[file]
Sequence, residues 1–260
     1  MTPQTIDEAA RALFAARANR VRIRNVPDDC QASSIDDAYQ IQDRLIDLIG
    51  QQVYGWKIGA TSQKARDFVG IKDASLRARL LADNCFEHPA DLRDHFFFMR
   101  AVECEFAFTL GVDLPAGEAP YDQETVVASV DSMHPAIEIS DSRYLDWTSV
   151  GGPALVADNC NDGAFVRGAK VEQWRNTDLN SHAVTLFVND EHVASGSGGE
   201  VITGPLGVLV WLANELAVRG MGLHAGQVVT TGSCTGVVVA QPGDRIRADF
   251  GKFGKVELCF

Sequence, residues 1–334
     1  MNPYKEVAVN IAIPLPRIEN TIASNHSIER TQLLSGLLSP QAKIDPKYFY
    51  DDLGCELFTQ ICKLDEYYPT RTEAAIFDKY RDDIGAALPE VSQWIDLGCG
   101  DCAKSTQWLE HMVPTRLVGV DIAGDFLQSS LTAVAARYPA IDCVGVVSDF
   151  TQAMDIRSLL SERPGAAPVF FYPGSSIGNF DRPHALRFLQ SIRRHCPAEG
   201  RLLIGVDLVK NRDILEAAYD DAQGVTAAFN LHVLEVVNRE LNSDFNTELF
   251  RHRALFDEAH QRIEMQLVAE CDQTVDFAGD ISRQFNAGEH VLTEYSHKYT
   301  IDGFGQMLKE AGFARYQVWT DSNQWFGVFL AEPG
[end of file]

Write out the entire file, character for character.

Sequence, residues 1–260
     1  MTPQTIDEAA RALFAARANR VRIRNVPDDC QASSIDDAYQ IQDRLIDLIG
    51  QQVYGWKIGA TSQKARDFVG IKDASLRARL LADNCFEHPA DLRDHFFFMR
   101  AVECEFAFTL GVDLPAGEAP YDQETVVASV DSMHPAIEIS DSRYLDWTSV
   151  GGPALVADNC NDGAFVRGAK VEQWRNTDLN SHAVTLFVND EHVASGSGGE
   201  VITGPLGVLV WLANELAVRG MGLHAGQVVT TGSCTGVVVA QPGDRIRADF
   251  GKFGKVELCF

Sequence, residues 1–334
     1  MNPYKEVAVN IAIPLPRIEN TIASNHSIER TQLLSGLLSP QAKIDPKYFY
    51  DDLGCELFTQ ICKLDEYYPT RTEAAIFDKY RDDIGAALPE VSQWIDLGCG
   101  DCAKSTQWLE HMVPTRLVGV DIAGDFLQSS LTAVAARYPA IDCVGVVSDF
   151  TQAMDIRSLL SERPGAAPVF FYPGSSIGNF DRPHALRFLQ SIRRHCPAEG
   201  RLLIGVDLVK NRDILEAAYD DAQGVTAAFN LHVLEVVNRE LNSDFNTELF
   251  RHRALFDEAH QRIEMQLVAE CDQTVDFAGD ISRQFNAGEH VLTEYSHKYT
   301  IDGFGQMLKE AGFARYQVWT DSNQWFGVFL AEPG